A variety of “positive developments” were cited during a debate on the Middle East situation on 27 July, such as initiatives by Egypt and the League of Arab States to promote intra-Palestinian reconciliations and President Obama’s June address to the Muslim world in Cairo.  Speakers underscored the importance of the shared responsibility of Israel, the Palestinian people and the wider Arab community to live up to the terms already agreed under the Road Map for peace.  However, concern was expressed over the lack of progress since the adoption of Council resolution 1860 (2009) more than six months earlier, which had prompted some to call for more decisive Council action.  (See Press Release SC/9717.)

Oscar Fernandez-Taranco, Assistant Secretary-General for Political Affairs, was able to report several important developments on the ground, as well as continued international efforts to create the conditions for the “prompt resumption and early conclusion of Israeli-Palestinian negotiations” in his 19 August briefing.  In the West Bank, the Palestinian Authority had continued to impose law and order, and there had been a notable decrease in the number of Palestinians injured by Israeli military activities since mid-June, although attacks by Israeli settlers on Palestinians had continued.  As a result of Israel’s easing of some movement restrictions, Nablus had seen a slow but significant revival of commercial activity.  However, continued settlement activity in East Jerusalem and the West Bank remained of “grave concern”.  (See Press Release SC/9732.)

The outlook was a bit brighter on 17 September, when Mr. Serry said he considered the upcoming meeting of the Quartet on 24 September (on the margins of the General Assembly’s general debate) as an important opportunity to lay the basis for progress.  It was time to relaunch negotiations and to see them through to a two-State solution.  “Today, we have a Palestinian Authority that is more than a partner for peace  we have a player ready to meet its responsibilities, determined to insist on its rights and desperately in need of support and enablement  from Israel, from the region, from the world,” he said.  The Palestinian Government was resolved to complete preparation for statehood in less than two years, and Mr. Serry was convinced they could do it, “if they haven’t already”.  The Palestinian Authority had announced its agenda on 25 August to complete the building of institutions of a State apparatus within the coming two years.  It had continued to ensure law and order in West Bank cities and towns, he reported.  (See Press Release SC/9743.)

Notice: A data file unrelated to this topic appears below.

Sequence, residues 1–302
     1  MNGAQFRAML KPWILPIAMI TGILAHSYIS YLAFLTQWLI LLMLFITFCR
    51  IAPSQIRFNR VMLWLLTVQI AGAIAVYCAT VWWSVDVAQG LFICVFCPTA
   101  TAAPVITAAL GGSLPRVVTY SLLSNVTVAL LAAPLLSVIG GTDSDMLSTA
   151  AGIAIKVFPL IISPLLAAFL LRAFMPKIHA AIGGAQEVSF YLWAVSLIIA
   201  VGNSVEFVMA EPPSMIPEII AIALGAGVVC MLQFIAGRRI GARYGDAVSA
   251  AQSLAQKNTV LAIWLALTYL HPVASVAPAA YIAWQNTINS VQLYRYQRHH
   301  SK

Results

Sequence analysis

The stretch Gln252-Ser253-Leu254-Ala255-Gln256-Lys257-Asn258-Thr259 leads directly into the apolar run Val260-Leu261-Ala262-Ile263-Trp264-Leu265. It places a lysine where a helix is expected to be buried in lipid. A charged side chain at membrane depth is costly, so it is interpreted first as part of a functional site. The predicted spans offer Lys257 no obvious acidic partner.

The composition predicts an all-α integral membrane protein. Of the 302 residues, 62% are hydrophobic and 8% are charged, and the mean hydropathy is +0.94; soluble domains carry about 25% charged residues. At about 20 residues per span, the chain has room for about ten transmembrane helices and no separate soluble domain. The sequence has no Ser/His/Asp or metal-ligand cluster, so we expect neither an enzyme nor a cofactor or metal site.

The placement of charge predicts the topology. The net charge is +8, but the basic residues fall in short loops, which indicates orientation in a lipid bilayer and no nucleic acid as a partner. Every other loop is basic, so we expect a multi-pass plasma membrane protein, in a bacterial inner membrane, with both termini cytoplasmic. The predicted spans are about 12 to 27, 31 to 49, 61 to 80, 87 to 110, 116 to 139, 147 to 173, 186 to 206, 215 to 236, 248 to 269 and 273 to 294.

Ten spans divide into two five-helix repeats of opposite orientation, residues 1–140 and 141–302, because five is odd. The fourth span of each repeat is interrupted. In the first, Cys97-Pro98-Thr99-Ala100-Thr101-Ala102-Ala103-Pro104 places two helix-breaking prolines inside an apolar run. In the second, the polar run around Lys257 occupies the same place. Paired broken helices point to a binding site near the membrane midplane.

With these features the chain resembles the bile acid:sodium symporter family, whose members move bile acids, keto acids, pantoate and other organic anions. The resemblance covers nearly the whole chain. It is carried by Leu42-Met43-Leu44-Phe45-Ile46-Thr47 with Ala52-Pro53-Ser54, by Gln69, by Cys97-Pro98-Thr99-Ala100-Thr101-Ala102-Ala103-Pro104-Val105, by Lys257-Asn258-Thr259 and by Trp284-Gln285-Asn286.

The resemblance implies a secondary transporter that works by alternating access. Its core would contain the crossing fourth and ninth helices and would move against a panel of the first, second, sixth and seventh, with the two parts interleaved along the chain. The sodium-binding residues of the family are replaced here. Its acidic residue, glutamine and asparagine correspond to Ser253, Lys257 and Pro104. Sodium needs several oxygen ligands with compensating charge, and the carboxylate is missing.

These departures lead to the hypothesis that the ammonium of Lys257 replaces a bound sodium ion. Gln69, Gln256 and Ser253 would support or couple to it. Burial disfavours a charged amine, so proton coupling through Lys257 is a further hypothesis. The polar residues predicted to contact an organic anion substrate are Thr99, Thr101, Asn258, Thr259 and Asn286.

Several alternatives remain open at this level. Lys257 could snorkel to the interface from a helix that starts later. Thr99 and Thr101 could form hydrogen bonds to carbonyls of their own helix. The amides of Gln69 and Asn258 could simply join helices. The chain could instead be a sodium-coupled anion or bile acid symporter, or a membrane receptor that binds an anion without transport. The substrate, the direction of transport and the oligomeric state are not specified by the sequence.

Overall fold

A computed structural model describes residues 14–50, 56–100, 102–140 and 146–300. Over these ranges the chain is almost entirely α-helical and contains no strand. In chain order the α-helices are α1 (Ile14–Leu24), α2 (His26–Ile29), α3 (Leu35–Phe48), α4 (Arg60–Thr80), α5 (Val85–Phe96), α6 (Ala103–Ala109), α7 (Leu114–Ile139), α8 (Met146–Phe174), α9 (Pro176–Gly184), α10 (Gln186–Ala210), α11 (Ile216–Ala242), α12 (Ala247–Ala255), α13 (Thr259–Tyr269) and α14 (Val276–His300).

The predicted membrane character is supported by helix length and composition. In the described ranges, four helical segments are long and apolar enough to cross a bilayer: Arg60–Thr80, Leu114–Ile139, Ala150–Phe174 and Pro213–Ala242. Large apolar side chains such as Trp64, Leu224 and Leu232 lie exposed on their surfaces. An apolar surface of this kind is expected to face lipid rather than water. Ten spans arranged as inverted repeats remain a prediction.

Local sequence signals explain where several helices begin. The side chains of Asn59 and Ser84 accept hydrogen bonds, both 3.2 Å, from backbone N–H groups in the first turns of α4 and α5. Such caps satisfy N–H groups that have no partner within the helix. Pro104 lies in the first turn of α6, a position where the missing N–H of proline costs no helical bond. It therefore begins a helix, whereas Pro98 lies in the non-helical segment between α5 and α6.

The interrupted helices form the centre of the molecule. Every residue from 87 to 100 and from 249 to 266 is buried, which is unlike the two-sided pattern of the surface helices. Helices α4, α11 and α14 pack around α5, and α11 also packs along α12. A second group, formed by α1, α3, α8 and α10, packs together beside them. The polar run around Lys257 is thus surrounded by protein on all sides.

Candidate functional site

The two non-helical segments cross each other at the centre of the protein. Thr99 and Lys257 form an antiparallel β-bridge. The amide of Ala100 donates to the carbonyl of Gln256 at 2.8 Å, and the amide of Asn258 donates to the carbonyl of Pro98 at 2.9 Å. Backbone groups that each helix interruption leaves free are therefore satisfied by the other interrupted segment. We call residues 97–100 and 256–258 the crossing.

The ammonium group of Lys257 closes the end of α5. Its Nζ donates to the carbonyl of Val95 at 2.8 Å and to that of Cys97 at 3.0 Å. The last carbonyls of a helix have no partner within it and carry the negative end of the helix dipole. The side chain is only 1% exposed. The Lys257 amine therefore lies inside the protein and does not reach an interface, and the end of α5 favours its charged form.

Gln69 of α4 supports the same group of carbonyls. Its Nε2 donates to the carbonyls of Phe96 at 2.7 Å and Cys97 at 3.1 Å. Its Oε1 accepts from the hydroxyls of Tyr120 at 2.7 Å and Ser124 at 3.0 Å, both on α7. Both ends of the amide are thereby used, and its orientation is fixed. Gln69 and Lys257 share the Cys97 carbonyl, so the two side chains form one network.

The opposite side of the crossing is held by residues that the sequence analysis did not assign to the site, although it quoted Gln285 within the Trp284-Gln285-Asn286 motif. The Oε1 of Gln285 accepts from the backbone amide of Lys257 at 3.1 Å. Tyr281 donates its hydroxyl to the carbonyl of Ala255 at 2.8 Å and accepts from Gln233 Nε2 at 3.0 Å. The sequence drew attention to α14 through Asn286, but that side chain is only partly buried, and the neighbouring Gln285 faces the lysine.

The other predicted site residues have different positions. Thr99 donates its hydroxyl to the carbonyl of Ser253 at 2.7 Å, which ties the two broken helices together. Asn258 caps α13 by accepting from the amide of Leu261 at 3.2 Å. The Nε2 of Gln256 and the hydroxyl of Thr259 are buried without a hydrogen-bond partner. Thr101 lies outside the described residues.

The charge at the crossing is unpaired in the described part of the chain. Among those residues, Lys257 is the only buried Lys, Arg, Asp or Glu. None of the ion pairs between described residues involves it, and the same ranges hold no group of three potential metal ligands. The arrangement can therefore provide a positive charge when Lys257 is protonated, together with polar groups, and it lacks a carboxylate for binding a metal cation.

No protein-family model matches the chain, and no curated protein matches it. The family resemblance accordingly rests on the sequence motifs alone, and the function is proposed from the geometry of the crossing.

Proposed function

A month later, on 14 October, the Report of the Fact Finding Mission on the Gaza Conflict, headed by Justice Richard Goldstone, featured prominently in Mr. Pascoe’s briefing.  (It was to be presented to the Human Rights Council the next day.)  The Under-Secretary-General noted that the Mission made several recommendations for ensuring accountability for perpetrators and redress for victims.  It called on the Government of Israel to conduct independent investigations into the many allegations of serious violations of international humanitarian and human rights law during the Gaza conflict.  The Report also called on Hamas  “the relevant authority in Gaza”  to initiate genuine and effective proceedings into the many allegations of such violations.

Following the flurry of diplomatic activity, however, frustration began to mount over gridlock on the ground, and Mr. Pascoe said he could report no significant progress in the previous month on political efforts to resolve the conflict.  “If we do not go forward decisively towards the two-State solution, we may go back to more violence, suffering and the loss of hope,” he warned.  “Once extinguished, that hope will be very difficult to rekindle.”  (See Press Release SC/9767.)

Describing the impasse by late November as “deep and worrying”, Assistant Secretary-General for Political Affairs Haile Menkerios reported that international partners were seeking a way out, in the political quest for peace.  Recalling warnings that violence and extremism threatened to fill the vacuum left by the lack of political progress, he said:  “We now face a very real danger of such a vacuum, with no Israeli-Palestinian negotiations under way, no agreed terms of reference for such negotiations, and no framework in place to ensure implementation of Road Map obligations.”  The Secretary-General had deplored Israel’s settlement activity, which was illegal, and expressed dismay at the continuation of demolitions and evictions in Jerusalem.  (See Press Release SC/9796.)

“We are in a race against time to overcome the contradictions on the ground and the crisis of confidence between the parties, and move decisively towards a political end game,” Mr. Serry said on 17 December, during the Council’s last scheduled briefing of 2009 on the situation in the Middle East.  Both sides need to do more, he said, pointing, among other things, to the need for Israel to fulfil its commitments, including a settlement freeze, under the internationally endorsed plan for a two-State solution, and for the Palestinians to resume negotiations in earnest and advance their State-building.  “If we cannot move forward towards a final status agreement, we risk sliding backwards, with both the Palestinian Authority and the two-State solution itself imperilled, he asserted.”  (See Press Release SC/9826.)


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For information media • not an official record